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Bailing out thought and the imagination Add to ...

By Linda Leith

I'm on your team, Martin. I'm all for a billion dollars, give or take, for the ailing book industry. And your Wednesday post "A Modest Proposal" coincided almost exactly with a Blue Met event featuring the Iranian author Azar Nafisi, author of Reading Lolita in Tehran (one of the best titles ever) and now Things I've Been Silent About (Random House Canada).

Jian Ghomeshi was supposed to host the event but fog kept him in Toronto, so I introduced Azar Nafisi, and then she simply took the stage to talk about how she came to write this second memoir. At the end of her 40-minute talk in front of about 600 Montrealers, a hundred or more of them Iranian, most of them young, all of them impressed, Nafisi concluded with a plea for reading and writing in these difficult times.

"We're bailing out the banks," she said -- she lives in Washington, D.C., where she teaches at Johns Hopkins -- "and the auto industry. How about bailing out thought and the imagination?"

The crowd loved that. I loved that. As the founder of an organization dedicated to fostering thought and the imagination, how could I not love that?

It may be, as you suggest, that the literary world is a sector from which the Conservative government is unlikely to derive political benefit, but that has everything to do with what the government chooses to do. Here in Quebec, Harper had substantial popular support until he made the mistake of cutting the ProMart and Trade Routes programmes that used to support the promotion of Canadian culture abroad. He's doing it again, now, losing even more support here over the Canada Prize for the Arts, which would cost the government a mere fraction of a billion: just about as much, it appears, as the dollars saved by axing international programs. A sector that can deprive him of political benefit can also bestow political benefit.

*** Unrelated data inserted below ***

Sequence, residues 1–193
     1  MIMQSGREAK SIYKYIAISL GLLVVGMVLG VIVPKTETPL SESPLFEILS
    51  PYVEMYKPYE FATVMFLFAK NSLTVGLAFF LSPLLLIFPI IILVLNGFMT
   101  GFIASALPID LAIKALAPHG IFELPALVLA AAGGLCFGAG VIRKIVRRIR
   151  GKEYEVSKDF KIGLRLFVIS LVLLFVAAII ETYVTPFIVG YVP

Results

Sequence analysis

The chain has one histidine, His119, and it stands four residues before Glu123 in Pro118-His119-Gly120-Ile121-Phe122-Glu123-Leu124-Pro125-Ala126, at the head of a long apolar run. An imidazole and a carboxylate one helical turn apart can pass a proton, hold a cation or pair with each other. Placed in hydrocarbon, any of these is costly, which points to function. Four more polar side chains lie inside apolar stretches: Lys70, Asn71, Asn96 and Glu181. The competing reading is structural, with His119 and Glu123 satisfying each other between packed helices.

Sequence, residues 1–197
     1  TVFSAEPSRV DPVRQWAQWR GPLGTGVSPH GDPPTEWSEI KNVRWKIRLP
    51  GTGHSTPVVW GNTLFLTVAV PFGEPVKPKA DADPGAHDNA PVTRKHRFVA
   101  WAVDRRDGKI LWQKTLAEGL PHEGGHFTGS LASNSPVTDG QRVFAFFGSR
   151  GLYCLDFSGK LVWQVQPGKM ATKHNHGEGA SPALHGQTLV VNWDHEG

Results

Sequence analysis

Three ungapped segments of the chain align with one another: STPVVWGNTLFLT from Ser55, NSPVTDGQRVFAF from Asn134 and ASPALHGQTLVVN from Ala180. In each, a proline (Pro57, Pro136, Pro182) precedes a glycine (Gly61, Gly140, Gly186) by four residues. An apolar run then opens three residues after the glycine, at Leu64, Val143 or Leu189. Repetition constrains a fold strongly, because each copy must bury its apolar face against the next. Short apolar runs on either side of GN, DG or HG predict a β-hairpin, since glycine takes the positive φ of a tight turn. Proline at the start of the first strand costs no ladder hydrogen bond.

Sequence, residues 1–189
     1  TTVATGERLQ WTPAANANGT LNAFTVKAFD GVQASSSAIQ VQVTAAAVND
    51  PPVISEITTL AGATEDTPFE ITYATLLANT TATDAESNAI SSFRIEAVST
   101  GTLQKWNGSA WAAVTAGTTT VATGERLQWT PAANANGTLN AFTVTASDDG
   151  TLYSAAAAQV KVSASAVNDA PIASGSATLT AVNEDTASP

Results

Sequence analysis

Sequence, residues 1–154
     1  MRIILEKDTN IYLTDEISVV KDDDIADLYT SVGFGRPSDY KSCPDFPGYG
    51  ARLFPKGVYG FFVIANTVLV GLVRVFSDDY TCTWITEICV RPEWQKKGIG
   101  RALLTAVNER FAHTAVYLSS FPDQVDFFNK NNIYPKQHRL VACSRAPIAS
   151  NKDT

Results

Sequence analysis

So yes, Martin, I'm on your team. Let us persuade Stephen Harper to bail out thought and the imagination.

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